Synopsis by Hal Erickson
With so many overblown historical epics coming out of Italy in the pre-World War I era, the simplicity and naturalism Assunta Spina was a welcome relief. Based on the novel and play by Salvatore Di Giacomo, the film tells of a Neopolitan working-class girl whose livelihood and honor is constantly threatened by those more powerful than herself. In addition to playing the title role, Francesca Bertini codirected the film with Gustavo Serena. Bertini was among the most popular of the cinematic divas of the silent era, usually comporting herself in an operatic fashion. In Assunte Spina, however, her performance is down-to-earth and restrained, in much the same manner as the leading ladies of the post-World War II Italian neorealist dramas.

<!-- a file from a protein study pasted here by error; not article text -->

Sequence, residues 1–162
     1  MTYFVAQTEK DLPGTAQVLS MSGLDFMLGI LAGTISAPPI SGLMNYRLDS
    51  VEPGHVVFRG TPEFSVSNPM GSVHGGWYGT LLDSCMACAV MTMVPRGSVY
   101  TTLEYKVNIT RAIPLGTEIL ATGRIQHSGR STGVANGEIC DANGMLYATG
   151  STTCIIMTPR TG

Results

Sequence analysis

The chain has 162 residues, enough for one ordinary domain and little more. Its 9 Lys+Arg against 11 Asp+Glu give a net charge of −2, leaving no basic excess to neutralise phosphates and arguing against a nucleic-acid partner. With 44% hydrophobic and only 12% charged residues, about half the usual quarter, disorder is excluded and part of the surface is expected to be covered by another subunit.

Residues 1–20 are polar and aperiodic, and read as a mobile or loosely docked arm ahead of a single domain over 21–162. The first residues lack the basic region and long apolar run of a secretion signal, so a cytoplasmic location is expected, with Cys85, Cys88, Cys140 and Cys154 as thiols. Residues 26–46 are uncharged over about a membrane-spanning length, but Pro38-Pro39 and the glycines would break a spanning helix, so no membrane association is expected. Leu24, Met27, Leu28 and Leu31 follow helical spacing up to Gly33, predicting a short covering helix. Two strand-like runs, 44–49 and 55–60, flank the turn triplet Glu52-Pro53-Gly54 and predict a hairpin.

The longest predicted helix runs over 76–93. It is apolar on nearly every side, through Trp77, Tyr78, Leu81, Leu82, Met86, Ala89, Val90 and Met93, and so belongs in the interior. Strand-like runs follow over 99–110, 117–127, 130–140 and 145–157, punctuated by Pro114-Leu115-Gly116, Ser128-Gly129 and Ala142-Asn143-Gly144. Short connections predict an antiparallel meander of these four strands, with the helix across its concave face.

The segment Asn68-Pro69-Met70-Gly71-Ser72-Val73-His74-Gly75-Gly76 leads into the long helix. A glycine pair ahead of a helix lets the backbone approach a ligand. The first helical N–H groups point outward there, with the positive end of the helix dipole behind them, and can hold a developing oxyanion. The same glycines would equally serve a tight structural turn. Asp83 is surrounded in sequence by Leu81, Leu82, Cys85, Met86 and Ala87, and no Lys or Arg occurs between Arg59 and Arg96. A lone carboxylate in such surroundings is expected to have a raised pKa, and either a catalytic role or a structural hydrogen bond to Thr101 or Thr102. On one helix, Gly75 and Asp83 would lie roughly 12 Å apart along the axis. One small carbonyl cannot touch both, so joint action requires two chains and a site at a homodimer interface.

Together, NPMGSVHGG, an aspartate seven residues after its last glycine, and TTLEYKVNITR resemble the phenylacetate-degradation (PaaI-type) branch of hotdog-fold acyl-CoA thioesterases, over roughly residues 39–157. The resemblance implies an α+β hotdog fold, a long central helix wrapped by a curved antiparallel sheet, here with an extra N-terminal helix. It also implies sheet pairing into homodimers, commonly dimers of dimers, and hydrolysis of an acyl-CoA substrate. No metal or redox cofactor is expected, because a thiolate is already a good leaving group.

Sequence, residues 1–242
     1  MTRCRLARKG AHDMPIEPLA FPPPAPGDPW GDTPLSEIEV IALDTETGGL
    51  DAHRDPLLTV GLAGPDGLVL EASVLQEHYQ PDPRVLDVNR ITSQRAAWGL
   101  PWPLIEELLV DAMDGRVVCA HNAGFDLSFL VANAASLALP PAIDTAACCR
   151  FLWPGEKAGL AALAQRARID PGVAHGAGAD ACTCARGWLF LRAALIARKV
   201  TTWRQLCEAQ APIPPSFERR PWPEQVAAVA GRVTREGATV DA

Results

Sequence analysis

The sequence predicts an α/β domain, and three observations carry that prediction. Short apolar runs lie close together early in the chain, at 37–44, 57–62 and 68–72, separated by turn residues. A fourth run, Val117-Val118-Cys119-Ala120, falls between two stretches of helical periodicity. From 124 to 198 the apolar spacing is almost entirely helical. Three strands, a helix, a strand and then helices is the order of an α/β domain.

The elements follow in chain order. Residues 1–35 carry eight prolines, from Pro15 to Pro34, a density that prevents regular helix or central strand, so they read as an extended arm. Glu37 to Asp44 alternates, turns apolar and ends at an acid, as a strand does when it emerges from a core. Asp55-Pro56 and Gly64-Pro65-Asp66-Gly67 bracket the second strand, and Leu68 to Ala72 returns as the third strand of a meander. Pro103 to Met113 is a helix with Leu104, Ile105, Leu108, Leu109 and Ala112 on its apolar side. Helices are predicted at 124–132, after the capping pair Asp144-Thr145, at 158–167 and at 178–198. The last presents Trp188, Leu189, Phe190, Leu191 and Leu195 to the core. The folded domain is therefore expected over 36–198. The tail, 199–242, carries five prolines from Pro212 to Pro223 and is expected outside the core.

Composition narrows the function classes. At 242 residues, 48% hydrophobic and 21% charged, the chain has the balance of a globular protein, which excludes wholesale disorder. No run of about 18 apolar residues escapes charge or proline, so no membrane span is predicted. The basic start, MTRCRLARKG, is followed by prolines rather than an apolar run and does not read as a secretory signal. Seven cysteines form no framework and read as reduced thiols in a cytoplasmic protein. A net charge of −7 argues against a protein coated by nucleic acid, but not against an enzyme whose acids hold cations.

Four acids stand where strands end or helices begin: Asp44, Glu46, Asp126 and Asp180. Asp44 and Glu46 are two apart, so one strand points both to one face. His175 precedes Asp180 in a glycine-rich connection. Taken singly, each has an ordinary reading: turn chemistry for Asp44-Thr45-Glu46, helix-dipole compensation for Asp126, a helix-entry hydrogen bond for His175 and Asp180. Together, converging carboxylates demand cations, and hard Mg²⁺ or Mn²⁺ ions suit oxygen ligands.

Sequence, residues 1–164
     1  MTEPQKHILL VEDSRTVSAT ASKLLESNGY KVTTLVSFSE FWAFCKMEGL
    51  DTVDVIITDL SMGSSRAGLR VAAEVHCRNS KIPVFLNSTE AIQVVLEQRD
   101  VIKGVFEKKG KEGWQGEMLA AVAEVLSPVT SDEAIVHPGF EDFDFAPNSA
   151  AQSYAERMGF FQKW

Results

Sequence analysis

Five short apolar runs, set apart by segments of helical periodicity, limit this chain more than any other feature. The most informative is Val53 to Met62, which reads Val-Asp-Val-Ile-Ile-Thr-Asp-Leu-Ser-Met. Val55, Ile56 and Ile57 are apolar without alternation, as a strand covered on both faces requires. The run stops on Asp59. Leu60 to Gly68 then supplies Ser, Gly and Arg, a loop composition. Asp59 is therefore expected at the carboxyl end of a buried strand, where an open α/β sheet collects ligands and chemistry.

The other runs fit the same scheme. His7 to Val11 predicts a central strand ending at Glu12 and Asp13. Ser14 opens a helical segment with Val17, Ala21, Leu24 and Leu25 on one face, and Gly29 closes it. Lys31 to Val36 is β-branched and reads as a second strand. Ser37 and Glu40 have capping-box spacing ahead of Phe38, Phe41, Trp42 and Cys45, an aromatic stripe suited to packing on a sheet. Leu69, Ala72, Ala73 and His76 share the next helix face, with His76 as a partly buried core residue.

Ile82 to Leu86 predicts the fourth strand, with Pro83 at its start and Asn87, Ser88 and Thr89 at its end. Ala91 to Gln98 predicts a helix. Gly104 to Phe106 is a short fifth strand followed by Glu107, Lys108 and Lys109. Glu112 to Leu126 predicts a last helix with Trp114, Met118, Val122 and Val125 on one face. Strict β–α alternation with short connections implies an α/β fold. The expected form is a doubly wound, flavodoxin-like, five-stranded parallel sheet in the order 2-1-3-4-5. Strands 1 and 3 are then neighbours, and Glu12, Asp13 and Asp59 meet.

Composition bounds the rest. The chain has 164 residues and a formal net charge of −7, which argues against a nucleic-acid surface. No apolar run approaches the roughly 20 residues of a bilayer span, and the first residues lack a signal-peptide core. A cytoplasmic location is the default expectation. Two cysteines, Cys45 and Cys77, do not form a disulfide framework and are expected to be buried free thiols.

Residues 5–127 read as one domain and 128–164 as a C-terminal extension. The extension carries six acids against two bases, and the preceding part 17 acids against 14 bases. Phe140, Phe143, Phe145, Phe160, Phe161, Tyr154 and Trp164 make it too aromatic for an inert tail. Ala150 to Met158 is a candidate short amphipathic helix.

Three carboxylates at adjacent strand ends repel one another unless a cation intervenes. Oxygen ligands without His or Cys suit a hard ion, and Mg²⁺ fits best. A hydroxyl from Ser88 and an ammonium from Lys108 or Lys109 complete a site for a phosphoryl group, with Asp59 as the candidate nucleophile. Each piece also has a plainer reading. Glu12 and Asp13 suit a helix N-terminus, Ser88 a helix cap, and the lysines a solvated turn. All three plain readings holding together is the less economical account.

working-class, innocence, silence, survivor